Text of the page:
If our devotion to our own interests is much the same as to theirs, we are ignorant of our own characters for the same reason. We are parties too much concerned to return a fair verdict, and are too much in the secret of our own motives or situation not to be able to give a favourable turn to our actions. We exercise a liberal criticism upon ourselves, and put off the final decision to a late day. The field is large and open. Hamlet exclaims, with a noble magnanimity, ‘I count myself indifferent honest, and yet I could accuse me of such things!’ If you could prove to a man that he is a knave, it would not make much difference in his opinion, his self-love is stronger than his love of virtue. Hypocrisy is generally used as a mask to deceive the world, not to impose on ourselves: for once detect the delinquent in his knavery, and he laughs in your face or glories in his iniquity. This at least happens except where there is a contradiction in the character, and our vices are involuntary and at variance with our convictions. One great difficulty is to distinguish ostensible motives, or such as we acknowledge to ourselves, from tacit or secret springs of action. A man changes his opinion readily, he thinks it candour: it is levity of min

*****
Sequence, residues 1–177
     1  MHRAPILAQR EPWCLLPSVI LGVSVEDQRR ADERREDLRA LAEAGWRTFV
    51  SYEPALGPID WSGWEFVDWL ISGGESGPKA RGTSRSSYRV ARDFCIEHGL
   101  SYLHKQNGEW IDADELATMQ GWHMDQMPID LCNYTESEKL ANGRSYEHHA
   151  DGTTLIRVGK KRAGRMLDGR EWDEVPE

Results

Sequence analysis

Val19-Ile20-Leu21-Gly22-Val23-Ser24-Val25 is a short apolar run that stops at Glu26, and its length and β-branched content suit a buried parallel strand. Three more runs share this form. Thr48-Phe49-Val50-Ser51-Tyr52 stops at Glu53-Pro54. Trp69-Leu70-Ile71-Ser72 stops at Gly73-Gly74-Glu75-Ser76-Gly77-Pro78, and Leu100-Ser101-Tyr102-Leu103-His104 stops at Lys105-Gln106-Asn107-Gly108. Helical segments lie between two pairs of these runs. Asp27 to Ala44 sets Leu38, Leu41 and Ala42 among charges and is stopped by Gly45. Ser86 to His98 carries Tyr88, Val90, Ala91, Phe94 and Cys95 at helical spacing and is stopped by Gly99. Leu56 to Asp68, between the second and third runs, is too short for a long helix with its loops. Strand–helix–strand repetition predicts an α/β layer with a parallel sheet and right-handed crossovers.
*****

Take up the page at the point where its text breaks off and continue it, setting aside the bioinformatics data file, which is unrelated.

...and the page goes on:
We are callous by custom to our defects or excellences, unless where